A troublesome ‘list’ has been circulating on Facebook lately, variously taking on the shape of a meme, coffee mug or t-shirts. It’s meant as a defense of science in the face of post-truth Trumpianisms and of recent waves of media attention to anti-science activists and extreme deniers.
Here is the pic in question, in one of its many forms:
Posted by many esteemed friends and colleagues these past couple of weeks, it is an image that I struggle with each time I come across it. This repeated and deep discomfort lies in both inability to endorse it, (knowing why others are posting it and agreeing with them that there is a fight to be fought) and with the dynamics it creates (its frame pushes us into the wrong fight).
This is an attempt to explain why I can’t ‘like’ this post.
How we’re talking about science
In very broad brushstrokes, there is currently a growing tension between two poles. On one end, this is characterized by the dominance of technocratic knowledge, highly abstract knowledge based on calculations and a whole metrics instrumentarium, where data is closely entwined with modelling and simulation. This is the kind of knowledge that is embraced by major global institutions–from the World Bank to the WHO–and enabled by state-supported bureaucracies. It is how we know about world economies, the refugee crisis, global warming, epidemics and many other crucial issues. This kind of knowledge is held by the ‘elite experts’ we are supposedly tired of–to paraphrase some of the recent commentary to the Brexit and Trump’s election. The other pole of this tension is the populist appeal to common sense and to the evidence of one’s eyes–imagine Trump speaking on an icy day and stating that we just have to look outside to see that global warming isn’t such as issue. This (and much worse) happens and gets broadly tweeted, reported and broadcast.
I wish this tension were a caricature, but it’s not, this is the repeated and dominant framing of discussions about science in the mainstream media.
(At this point, I should state that my own intellectual and professional investments as a science and technology studies scholar have been to explore the professional production of knowledge, to show the diversity of kinds of knowledge and the important variations in what experts are telling us, how they come to their conclusions, what counts as evidence and how these claims are validated. So in no way am I dismissing the importance of expertise, on the contrary, a proper characterization of this kind of knowledge and of its metrics, is a crucial matter that can feed the necessary measures I describe below.)
So what’s wrong with this post?
There are basically two problems with the ‘list’:
First, it contributes to polarisation and simply isn’t going to help the place of science in the public discourse. If anything, it’s making it worse. This list is as much of a potshot as Trumps claims: look out the window. It is just an appeal to common sense, perhaps one that has a ‘rationalistic’ or ‘scientoid’ flavour to it. Furthermore, the ‘controversies’ the list refers to are highly diverse in their scope and nature, and in their social contexts. This list tars all kinds of objections by a diversity of groups with the same brush.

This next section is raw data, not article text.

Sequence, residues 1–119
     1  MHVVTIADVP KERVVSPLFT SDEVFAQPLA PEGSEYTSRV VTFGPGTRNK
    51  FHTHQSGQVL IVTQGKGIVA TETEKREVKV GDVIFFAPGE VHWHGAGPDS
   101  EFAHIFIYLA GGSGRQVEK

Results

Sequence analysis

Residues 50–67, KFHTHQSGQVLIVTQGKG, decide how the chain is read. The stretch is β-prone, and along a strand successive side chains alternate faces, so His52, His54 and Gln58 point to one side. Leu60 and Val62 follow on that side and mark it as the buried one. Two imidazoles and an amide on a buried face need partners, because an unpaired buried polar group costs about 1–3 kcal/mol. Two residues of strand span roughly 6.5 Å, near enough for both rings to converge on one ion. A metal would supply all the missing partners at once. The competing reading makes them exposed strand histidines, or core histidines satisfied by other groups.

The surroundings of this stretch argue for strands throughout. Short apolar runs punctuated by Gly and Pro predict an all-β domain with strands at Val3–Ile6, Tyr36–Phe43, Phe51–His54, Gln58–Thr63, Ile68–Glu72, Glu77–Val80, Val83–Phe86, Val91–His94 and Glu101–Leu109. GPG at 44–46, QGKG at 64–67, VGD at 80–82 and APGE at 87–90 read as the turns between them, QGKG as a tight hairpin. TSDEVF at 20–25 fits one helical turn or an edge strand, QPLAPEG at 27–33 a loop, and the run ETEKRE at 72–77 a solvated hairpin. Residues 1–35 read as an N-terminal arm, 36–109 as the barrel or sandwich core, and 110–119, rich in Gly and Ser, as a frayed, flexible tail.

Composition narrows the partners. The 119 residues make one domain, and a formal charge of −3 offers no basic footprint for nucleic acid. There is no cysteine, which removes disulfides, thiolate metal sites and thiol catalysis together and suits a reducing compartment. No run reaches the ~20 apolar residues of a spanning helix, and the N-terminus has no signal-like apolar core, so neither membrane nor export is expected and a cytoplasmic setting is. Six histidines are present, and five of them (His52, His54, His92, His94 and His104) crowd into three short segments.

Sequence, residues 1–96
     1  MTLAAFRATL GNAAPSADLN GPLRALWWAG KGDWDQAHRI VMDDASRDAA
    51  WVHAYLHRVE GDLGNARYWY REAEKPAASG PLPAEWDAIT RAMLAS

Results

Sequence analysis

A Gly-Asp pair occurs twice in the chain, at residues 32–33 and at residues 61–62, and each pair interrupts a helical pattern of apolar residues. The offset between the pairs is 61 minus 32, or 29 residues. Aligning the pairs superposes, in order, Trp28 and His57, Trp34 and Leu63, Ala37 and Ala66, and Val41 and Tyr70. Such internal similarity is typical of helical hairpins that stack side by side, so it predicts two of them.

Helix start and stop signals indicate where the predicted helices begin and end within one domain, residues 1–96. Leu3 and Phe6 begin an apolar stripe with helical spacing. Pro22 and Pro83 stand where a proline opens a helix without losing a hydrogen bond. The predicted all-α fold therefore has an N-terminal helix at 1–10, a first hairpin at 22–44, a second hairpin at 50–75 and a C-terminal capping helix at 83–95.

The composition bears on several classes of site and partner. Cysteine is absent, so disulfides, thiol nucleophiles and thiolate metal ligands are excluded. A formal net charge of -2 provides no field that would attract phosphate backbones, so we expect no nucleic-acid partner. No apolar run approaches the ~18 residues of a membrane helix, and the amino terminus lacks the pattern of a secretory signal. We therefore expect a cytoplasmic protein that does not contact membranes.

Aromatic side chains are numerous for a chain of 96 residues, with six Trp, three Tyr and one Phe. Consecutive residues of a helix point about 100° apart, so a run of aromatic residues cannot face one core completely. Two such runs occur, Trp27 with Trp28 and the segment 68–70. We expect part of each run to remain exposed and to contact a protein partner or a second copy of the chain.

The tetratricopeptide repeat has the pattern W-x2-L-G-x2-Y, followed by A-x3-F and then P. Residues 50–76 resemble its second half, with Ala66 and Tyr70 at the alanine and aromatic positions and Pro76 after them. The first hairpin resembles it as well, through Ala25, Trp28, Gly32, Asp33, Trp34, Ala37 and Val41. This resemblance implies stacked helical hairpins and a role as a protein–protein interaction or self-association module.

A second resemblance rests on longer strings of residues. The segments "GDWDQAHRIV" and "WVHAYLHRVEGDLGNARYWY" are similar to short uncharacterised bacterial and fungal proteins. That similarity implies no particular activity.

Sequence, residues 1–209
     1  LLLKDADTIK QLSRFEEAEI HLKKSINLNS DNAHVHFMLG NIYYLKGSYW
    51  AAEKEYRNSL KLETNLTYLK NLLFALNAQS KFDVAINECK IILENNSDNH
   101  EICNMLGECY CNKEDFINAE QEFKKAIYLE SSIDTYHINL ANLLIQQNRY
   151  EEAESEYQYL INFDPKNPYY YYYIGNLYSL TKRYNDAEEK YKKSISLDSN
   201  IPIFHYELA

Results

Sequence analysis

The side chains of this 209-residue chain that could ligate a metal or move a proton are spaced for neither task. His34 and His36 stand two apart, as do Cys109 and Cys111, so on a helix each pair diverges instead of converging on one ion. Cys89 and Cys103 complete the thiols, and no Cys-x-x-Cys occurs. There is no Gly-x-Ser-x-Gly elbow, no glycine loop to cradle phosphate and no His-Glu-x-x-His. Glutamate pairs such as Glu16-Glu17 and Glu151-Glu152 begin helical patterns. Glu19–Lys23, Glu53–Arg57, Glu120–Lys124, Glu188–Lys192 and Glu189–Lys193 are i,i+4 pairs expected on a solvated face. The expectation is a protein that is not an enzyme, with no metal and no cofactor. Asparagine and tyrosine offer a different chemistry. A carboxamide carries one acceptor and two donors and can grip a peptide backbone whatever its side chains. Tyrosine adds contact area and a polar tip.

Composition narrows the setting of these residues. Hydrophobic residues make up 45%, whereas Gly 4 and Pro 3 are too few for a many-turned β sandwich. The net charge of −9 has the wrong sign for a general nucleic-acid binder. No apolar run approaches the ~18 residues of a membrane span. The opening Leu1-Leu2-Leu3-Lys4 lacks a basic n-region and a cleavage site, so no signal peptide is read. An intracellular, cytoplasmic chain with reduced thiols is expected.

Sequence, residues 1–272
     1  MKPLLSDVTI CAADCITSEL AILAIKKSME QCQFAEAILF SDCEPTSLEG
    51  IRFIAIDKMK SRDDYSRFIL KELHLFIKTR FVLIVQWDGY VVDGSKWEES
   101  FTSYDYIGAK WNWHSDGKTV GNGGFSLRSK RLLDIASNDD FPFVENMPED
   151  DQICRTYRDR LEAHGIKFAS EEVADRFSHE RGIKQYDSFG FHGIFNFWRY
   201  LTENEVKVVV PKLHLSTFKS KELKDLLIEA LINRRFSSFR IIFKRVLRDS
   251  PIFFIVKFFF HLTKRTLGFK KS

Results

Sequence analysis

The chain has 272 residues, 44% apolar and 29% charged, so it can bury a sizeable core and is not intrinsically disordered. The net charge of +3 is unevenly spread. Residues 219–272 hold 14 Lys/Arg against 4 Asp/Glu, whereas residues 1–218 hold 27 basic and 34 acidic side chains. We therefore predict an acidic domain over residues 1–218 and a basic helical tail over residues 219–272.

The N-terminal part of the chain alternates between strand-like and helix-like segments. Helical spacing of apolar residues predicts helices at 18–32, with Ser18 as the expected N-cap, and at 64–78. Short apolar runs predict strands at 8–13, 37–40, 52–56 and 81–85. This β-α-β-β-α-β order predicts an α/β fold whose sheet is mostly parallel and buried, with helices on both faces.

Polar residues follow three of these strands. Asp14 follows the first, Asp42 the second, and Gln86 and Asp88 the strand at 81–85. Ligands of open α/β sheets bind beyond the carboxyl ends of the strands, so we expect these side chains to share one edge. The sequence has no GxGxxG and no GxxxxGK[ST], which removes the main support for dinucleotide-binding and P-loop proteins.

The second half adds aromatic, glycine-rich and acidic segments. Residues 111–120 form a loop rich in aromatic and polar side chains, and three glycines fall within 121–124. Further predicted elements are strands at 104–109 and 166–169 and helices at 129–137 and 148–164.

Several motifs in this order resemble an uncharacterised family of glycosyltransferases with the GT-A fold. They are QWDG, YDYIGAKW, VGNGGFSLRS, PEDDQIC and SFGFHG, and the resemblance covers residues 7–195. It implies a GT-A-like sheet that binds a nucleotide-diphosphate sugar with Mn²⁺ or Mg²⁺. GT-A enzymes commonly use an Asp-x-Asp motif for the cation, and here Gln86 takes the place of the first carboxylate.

Second, I can’t help but yearn for sub-clauses in these statements. For example: Vaccines work, yes, most of the time for most people if they are properly manufactured, stored and administered, and only if we collectively embrace them, and while they do bring some risks in a very small number of cases, this risk should be weighed with the risk of not using vaccines.
The earth is not flat and we’ve known this in various parts of the world at different times, based on different kinds of research and evidence.
Chem trails have not been widely measured and neither have their purported effects at population level been documented.
And so on…
The way to #StandUpForScience: grounded knowledge
I want to bring in these sub-clauses because they take us out of the potshot dynamic. Most importantly, they are a first step in getting some motion going. It’s essential for science and for public discourse to have a dynamic between the abstract and the particular, between expert and collective knowledge. Rather than potshots, we need circulation. I don’t long for a perfect, modernist cycle of interaction, but for modest moves between positions. We need a framing that leans towards interaction, translation, and conversation as an essential first step to grounded knowledge, to a science that matters and to a better public discourse on knowledge.
My recent reflections on the place of knowledge in politics and public debate have been inspired by the writings and lectures of Helen Verran, Paul Edwards, Anna Tsing, Kalpana Shankar, the recent exchange between Sismondo and Collins et al, starting in February 2017 in SSS.